When we first met Devendra Banhart on 2002’s Oh Me Oh My, he was a fragile outsider artist recording music on cassettes and answering machines. Eerily supernatural and absurdly cosmic, he found a place in the American underground for folkish psychedelic rock where the organic and the artificial come together, something Banhart calls “naturalismo.” Four albums later, Banhart remains a leader in this pack — and Smokey Rolls Down Thunder Canyon may be his best so far.
Smokey Rolls Down Thunder Canyon is a universe all its own, skipping between genres and languages as often as Banhart explores his love life and reasserts himself as a free spirit — in this case, a California free spirit; Banhart shacked up in a pastoral hillside home in the bohemian enclave of Topanga Canyon to create this lavishly produced and elegantly textured acoustic and avant-garde rock.
But the album, which was co-produced by Noah Georgeson, is very much the work of a band. Smokey features the same musicians Banhart typically tours with, as well as with some interesting celebrity guests. (Opener “Cristobal,” for example, an enchanting South American tone-setter, features actor Gael Garcia Bernal on back-up vocals.) Tenderly crooned ballad “Bad Girl” is a gem in which Banhart sings, “I’ve been a bad girl/ I ain’t playing no fair/ I want you to be free/ But I don’t want to share.” Nothing about Banhart or his music is minimal. Set to nocturnal atmospherics, his lyrics tell simple stories, and his melodies are enticing melodies. On the country-style ballad “Freely,” he swoons, “And my mother may not understand/ why I’m the way that I am/ But I love her, and I want to let her in.”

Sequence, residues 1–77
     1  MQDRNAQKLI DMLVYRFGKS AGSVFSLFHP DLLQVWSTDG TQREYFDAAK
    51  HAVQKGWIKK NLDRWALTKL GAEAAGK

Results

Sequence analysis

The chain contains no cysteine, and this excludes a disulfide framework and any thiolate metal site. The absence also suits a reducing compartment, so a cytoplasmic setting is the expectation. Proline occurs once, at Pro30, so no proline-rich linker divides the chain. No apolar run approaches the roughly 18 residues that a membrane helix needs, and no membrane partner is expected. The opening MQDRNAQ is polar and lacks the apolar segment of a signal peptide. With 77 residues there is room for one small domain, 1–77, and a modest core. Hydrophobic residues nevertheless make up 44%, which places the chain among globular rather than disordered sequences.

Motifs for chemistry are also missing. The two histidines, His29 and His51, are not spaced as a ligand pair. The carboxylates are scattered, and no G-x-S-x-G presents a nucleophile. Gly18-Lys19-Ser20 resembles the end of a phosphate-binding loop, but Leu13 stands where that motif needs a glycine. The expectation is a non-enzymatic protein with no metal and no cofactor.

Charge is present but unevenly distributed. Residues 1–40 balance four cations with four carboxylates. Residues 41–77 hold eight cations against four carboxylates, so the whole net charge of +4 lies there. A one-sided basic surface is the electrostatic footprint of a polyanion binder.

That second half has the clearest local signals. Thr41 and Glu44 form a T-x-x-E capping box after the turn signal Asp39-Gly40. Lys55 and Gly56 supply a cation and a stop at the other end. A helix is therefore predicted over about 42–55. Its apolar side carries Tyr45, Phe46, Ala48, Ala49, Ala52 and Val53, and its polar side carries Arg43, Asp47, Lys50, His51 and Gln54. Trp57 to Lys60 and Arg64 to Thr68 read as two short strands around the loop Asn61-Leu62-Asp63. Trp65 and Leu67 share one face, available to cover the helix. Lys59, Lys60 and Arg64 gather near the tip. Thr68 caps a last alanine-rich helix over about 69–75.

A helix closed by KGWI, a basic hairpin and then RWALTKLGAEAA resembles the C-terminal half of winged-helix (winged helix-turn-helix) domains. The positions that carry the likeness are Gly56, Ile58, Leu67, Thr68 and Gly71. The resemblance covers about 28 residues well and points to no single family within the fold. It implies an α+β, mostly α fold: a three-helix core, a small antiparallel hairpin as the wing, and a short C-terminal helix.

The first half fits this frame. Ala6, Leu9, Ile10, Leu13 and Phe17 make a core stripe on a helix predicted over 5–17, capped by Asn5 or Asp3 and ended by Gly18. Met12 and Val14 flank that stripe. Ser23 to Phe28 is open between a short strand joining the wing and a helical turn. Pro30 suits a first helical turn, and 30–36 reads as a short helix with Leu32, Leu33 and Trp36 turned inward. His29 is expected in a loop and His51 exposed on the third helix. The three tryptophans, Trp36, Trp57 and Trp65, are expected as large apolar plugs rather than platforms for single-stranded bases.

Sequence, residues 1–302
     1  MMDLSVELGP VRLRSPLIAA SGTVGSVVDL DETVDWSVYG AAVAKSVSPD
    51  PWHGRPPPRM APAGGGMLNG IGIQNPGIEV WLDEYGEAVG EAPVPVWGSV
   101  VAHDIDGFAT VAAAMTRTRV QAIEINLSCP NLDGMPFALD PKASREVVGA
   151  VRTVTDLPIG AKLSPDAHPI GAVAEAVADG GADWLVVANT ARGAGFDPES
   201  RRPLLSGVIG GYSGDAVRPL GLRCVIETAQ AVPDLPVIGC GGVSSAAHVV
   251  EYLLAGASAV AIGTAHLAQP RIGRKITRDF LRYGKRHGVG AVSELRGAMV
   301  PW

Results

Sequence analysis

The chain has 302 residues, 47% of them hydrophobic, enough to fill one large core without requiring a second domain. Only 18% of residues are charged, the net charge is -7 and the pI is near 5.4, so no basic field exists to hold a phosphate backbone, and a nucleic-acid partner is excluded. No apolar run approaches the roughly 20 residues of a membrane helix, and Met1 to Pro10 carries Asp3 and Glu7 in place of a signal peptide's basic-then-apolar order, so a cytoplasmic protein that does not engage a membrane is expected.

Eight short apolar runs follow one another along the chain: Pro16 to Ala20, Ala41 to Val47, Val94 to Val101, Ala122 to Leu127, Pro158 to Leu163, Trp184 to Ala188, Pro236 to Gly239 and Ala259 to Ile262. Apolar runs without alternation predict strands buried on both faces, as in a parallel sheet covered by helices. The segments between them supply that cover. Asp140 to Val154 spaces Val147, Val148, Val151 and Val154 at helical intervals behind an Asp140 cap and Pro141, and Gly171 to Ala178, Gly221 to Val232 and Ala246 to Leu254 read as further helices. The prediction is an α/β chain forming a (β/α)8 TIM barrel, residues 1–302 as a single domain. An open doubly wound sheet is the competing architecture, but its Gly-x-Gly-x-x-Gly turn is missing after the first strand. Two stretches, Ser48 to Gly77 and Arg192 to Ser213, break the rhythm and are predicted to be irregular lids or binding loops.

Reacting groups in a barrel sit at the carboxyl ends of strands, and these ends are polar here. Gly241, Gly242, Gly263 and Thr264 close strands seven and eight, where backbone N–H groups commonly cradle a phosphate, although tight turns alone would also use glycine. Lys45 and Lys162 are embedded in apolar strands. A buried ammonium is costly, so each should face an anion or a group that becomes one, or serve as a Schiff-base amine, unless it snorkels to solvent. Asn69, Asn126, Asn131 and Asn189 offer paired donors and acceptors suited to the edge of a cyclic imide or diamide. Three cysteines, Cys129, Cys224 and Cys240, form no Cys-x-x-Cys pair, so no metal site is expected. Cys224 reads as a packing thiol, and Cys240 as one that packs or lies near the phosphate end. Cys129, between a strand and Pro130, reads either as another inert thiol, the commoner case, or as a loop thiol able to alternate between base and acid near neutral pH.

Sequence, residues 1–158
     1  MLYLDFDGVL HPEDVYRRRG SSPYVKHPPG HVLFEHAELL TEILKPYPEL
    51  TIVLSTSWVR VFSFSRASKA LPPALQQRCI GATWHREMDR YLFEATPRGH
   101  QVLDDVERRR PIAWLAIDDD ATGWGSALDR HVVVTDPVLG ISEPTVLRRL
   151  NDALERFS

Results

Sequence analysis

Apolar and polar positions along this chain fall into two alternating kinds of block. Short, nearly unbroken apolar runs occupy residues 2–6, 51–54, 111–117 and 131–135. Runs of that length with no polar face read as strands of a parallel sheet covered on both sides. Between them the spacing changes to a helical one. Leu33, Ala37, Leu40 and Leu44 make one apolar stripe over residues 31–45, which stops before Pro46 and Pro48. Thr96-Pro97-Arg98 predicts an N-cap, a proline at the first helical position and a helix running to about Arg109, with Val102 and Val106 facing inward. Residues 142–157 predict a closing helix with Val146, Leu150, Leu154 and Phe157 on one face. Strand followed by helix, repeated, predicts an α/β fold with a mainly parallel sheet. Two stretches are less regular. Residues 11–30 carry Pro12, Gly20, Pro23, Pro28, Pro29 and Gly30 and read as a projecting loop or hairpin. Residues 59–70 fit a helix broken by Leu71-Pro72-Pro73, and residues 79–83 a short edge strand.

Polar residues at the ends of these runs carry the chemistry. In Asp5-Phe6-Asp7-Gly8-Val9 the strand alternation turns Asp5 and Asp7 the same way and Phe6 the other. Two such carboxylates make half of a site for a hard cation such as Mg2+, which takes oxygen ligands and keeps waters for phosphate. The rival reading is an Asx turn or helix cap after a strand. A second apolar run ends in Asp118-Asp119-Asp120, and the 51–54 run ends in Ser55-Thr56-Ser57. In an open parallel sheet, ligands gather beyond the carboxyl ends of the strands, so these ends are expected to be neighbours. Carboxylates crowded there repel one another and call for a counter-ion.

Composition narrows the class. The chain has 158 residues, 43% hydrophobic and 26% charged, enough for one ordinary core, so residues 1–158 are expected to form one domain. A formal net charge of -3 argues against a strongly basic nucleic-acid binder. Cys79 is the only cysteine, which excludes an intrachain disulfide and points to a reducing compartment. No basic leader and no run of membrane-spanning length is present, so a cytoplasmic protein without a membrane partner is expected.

“Seahorse,” my favorite on the album, typifies Smokey. With all of its unexpected twists and turns, influences and homages, Banhart shows no signs of holding back. It begins with a soft acoustic guitar and Banhart singing, “I’m high and I’m happy and I’m free/ I got my whole heart laid out right in front of me.” But just as easily as the album shifts course, the drums kick in, and soon he’s singing about sex and reincarnation over a very Doorsy jazz groove of piano, organ, and flute. Later, a late-’60s-style rock ‘n’ roll guitar jam breaks in. By the time it’s over, the song has recalled Leonard Cohen, Jim Morrison, Neil Young, Cream, and Jefferson Airplane.
Banhart is one of the most fascinating and unpredictable artists of his generation, and he has once again created an eclectic, powerful, and memorable album. The final cut, “My Dearest Friend,” concludes Smokey Rolls Down Thunder Canyon as Banhart and company sing, “I’m going to die from loneliness/ My dearest friend/ You’ll soon begin to love again.” Not only is it achingly graceful, but it’s also a powerful monument to how far Banhart has come along — and it hints at how much further he will go.